Forbes‘s most recent estimation of billionaires from the continent caps the number at 20, but the continent’s list of high net worth individuals (HNWIs) is much larger. The 2019 Africa Wealth report estimates that there are 140,000 HNWIs (US dollar millionaires) in Africa. And according to several independent sources, that number is set to rise significantly over the next decade.
Growing wealth at the top of the pyramid is not necessarily an indication of Africa’s economic strength. Critics contend that, instead, it is proof of the continent’s pervasive wealth inequality and the growing chasm between extreme wealth and extreme poverty. A boom in African millionaires doesn’t suggest that wealth is being distributed more fairly globally either. Reports estimate that despite accounting for 16 percent of the world’s population, Africa only accounts for 1 percent of the total worldwide wealth.
Still, the luxury sector in Africa generated an estimated $6.1 billion in revenue in 2018, with South Africa, Kenya and Nigeria as the top three contributors, according to the most recent Africa Wealth Report by Johannesburg-based New World Wealth and Mauritius-based AfrAsia Bank. In spite of the continent’s well-documented challenges and emerging market status, the luxury sector is already paying dividends for some — most notably the European brands sold there but also for an elite group of local distributors and retailers.
Experts say that luxury is a challenging sector for Africans to build a fortune. “It’s not the easiest path to accrue large amounts of wealth,” says Bronwyn Williams, trend forecaster at Flux Trends, a business trend company based in South Africa. “A lot of [billionaires] have their roots far back in history; not many are contemporary success stories,” she adds.
Old-Money Retail Dynasties
“[Once] South Africa was not only the retail capital of Africa but one of the retail capitals of the world,” says Chris Bishop, author of “Africa’s Billionaires” by Forbes Africa. The country is home to household names like Shoprite and Woolworths as well as magnates like Raymond Ackerman and Christoffel Wiese who have made fortunes from building giant retail corporations.
Last year, Forbes estimated Wiese’s net worth at $1.1 billion and this year he announced his retirement from the Shoprite supermarket chain which he led. But even before he became “Mr. Shoprite”, Wiese was executive director of Pepkor, a discount clothing chain his parents helped found. Although Pepkor is no longer just a standalone endeavour, in the 2018 fiscal year clothing and general merchandise brought in 66 percent of the parent company Pepkor Holding’s total revenue.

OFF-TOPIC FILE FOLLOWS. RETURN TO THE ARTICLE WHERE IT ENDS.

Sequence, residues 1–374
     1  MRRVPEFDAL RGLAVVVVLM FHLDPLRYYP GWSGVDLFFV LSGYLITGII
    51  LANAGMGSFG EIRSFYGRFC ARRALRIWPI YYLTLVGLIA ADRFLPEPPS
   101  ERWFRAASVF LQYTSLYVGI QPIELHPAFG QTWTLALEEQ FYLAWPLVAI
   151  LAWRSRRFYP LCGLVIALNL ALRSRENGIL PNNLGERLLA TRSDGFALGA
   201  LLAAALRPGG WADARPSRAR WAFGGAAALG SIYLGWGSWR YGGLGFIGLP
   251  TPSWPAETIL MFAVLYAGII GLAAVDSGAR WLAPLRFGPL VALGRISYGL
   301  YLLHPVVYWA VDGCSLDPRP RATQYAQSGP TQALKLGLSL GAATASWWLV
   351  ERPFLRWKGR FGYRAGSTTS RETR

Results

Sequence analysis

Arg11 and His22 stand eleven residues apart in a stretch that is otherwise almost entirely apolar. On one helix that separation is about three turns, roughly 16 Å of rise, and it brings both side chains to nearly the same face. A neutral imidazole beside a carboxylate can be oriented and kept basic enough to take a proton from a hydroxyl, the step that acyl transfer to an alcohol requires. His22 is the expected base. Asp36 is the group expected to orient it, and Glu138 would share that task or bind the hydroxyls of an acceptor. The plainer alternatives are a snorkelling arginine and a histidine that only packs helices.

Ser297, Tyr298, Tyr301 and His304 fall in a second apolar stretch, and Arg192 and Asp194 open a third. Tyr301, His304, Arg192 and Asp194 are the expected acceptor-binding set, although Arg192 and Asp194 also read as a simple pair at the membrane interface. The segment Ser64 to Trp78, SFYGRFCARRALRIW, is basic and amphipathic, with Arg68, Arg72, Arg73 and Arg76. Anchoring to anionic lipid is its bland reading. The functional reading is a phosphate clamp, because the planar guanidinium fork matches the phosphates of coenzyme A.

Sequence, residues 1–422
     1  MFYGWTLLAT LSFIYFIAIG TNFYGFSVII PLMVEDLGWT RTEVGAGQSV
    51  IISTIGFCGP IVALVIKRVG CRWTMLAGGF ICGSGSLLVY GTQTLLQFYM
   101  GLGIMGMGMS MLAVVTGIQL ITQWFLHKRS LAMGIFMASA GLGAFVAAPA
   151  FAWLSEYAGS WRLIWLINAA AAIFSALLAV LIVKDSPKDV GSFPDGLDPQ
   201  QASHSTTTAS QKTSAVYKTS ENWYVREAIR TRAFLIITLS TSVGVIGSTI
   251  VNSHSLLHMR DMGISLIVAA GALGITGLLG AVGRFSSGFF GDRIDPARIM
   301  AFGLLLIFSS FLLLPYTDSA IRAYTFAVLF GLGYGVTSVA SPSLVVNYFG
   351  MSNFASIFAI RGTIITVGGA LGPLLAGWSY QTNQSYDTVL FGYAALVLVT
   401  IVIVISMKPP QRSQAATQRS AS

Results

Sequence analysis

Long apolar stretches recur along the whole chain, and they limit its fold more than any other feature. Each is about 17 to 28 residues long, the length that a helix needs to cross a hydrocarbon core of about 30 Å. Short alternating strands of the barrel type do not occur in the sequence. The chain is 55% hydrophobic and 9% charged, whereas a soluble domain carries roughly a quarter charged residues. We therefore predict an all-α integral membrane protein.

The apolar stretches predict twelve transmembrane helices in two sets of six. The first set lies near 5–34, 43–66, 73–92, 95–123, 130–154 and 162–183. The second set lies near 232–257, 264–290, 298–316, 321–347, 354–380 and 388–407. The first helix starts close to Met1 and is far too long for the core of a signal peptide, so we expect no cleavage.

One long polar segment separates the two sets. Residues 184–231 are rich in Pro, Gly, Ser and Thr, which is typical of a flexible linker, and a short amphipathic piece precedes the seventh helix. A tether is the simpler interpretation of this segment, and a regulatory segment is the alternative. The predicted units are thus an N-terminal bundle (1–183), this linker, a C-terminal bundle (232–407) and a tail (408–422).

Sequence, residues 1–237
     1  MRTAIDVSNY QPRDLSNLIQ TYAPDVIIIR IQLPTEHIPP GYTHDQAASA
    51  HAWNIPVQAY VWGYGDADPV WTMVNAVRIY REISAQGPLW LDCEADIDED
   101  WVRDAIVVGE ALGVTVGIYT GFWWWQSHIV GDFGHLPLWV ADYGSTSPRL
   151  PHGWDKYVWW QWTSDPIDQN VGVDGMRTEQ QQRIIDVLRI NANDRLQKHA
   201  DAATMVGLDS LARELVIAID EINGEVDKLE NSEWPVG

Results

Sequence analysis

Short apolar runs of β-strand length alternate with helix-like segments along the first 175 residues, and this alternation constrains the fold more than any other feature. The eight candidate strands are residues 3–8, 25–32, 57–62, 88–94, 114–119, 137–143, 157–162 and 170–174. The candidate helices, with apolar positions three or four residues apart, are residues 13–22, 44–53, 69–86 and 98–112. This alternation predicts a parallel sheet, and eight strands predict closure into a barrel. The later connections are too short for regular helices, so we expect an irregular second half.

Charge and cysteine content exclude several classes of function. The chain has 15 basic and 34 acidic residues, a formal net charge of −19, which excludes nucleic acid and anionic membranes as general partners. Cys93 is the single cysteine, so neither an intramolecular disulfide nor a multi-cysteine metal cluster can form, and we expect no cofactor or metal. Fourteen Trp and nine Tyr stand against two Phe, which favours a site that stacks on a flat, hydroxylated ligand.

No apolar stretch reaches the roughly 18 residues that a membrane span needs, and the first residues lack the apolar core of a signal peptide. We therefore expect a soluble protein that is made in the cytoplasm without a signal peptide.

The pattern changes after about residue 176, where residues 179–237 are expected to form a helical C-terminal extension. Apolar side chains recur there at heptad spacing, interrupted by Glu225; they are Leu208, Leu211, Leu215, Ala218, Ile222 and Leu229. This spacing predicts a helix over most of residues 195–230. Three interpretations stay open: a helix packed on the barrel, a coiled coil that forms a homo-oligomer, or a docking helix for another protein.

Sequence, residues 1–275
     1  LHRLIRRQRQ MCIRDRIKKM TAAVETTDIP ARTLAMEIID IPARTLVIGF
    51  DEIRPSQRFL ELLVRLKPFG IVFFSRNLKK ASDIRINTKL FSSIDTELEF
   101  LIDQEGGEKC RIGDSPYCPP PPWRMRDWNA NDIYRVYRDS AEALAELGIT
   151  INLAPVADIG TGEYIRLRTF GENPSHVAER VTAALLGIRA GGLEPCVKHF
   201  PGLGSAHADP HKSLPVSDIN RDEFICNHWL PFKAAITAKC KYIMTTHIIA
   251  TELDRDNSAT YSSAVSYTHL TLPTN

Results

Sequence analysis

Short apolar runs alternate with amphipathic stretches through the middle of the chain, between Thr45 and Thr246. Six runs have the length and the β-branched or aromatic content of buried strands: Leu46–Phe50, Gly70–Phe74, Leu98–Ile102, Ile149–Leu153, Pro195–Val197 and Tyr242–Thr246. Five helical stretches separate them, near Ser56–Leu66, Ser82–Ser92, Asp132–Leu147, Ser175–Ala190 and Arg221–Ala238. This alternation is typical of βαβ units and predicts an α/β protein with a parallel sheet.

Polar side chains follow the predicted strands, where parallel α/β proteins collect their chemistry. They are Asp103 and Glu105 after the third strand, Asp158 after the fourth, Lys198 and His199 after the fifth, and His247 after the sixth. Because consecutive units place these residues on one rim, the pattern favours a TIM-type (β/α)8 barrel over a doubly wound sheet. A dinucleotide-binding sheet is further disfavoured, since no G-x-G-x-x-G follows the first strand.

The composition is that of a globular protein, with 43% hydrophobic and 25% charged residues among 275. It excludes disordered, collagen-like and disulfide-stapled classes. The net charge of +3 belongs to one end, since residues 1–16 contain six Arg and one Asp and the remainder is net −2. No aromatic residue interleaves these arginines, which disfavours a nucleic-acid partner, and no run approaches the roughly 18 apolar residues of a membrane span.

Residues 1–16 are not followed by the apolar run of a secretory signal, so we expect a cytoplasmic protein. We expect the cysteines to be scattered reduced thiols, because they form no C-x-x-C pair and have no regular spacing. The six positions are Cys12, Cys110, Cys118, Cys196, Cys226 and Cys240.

The group’s reach across the continent is impressive. Its Pep stores sell 55 percent of all school wear in South Africa, and distribute fashion merchandise to over 2200 stores including outlets in other African markets like Angola, Malawi, Mozambique, Uganda and Zambia. The retailer has become so ubiquitous in southern Africa that the firm now boldly uses the slogan, “A town is not a town without a Pep”.
One of the brands Pepkor acquired in 1984 was Ackermans, a name that is deeply entrenched in South Africa’s retail history. Founded in 1916 by Gus Ackerman, father to Raymond Ackerman, the company was a value clothing retail chain, a far cry from the failed ostrich feather business that Raymond’s grandfather Meyer Ackerman attempted to start when he arrived in South Africa from Lithuania at the end of the 19th century.
Although it was Raymond Ackerman’s grocery empire Pick n Pay that earned him a spot on the Forbes list of 50 Richest Africans back in 2015 with a reported net worth of $500 million, the Ackerman name is still synonymous with clothing, selling everything from denim to dresses for as low as $10. Today the retail chain counts 700 stores, 80 of which opened in the 2018 financial year.
South Africa’s fashion billionaires are not limited to octogenarians and brick-and-mortar scions. Koos Bekker, who is worth $2.2 billion, made all his money online from ventures like internet group Naspers. Today the billionaire’s reach goes as far as Takealot, one of the country’s largest e-commerce marketplaces selling clothing and other merchandise.
“The African fashion ecosystem favours business people [who already have] money [so they often get] the main [brand] franchises and dabble in fashion. Most of the time, fashion is just another way of investing and branching out to other territories,” says Jamila Halfichi, the Moroccan-born fashion editor of pan-Arab newspaper Asharq Alawsat.
Indeed, many fashion entrepreneurs on the continent have struck it rich in other sectors before deciding to try their luck in the fashion industry, and one popular connector to the industry is family.